“Richmond’s strong economic base and its strong client base make it especially appealing to us,” says Mike Bannon, managing director for Stanford’s Richmond office. “It’s one of only three cities in the United States that is home to a Federal Reserve, a federal circuit court and a state capital. No doubt, this pullback affects clients’ assets, but Richmond is well-suited to withstand it.”
Smaller wealth management firms are expanding as well. “We just hired another planner to join us, and we’re looking to bring on more now,” says Frank T. Shull IV, vice president of Lara, Shull?& May, an independent wealth management firm in Falls Church. The firm currently has 13 employees.
Likewise, Gregory A. Watts, senior vice president and wealth adviser at the Virginia Beach branch of Morgan Stanley, says he intends to grow his practice’s market share. “We have expansion plans going forward for the next 12 to 18 months. We’re definitely planning to grow the business, not contract.”
Still, wealth advisers have had to do some hand-holding as financial news around the world became increasingly grim. “We’ve reached out to clients through e-mail and phone calls almost on a daily basis,” Shull says. “The ones close to retirement are especially concerned.”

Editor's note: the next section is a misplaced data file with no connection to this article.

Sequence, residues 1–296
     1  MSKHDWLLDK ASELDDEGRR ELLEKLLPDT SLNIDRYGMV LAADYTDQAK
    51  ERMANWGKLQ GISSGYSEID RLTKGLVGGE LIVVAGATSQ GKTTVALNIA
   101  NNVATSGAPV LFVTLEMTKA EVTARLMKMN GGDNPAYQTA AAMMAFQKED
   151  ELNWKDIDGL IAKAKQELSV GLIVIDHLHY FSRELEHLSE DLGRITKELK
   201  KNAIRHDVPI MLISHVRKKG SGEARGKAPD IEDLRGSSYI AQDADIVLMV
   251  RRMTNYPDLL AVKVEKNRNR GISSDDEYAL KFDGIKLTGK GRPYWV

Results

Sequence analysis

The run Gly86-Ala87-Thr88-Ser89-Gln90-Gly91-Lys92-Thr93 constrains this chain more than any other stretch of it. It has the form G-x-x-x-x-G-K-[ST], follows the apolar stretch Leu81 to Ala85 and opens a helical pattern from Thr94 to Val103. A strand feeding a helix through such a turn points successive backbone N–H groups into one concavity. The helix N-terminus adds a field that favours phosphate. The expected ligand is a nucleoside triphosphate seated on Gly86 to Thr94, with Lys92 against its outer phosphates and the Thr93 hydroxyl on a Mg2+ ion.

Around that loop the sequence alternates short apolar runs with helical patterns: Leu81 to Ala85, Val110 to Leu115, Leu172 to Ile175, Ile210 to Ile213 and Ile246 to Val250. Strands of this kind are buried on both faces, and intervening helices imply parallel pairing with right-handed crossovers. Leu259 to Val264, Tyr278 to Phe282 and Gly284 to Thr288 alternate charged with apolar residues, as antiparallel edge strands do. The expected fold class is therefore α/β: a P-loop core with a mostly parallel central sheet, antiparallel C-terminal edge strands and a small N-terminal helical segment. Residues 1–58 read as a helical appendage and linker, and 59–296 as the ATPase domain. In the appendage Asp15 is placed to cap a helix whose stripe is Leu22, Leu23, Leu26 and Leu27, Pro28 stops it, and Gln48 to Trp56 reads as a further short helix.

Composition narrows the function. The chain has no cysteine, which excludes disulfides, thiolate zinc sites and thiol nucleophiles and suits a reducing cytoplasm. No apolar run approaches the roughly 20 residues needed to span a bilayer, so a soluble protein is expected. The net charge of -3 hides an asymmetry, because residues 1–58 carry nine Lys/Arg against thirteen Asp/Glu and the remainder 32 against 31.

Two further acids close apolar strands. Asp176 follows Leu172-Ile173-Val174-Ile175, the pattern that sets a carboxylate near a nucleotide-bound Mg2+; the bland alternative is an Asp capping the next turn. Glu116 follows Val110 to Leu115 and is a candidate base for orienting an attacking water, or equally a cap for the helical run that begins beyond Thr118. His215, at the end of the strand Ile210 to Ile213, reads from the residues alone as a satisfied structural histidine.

Because clients of the Falls Church firm typically have a net worth of $3 million to $10 million, they don’t have to see a 9 to 10 percent return on their investments, Shull says. “We’re a pretty conservative shop. We determine the growth rate our clients need to earn to meet their goals and objectives.” While the firm saw its investments decline this year, it had little exposure to financial institutions, aside from the holdings of some mutual funds.
David J. O’Brien, an independent, certified financial planner in Richmond, called his clients as the debate over the $700 billion bailout bill began in September. “I told them I was available for questions,” he says.
“This economic situation is something I think we see only once every two generations,” he adds. “We try to plan for events that fall within two standard deviations from the mean — more than 95 percent of the expected outcomes. But we’re in the third standard deviation now. This is a tough environment, but it will end. And we will get through it.”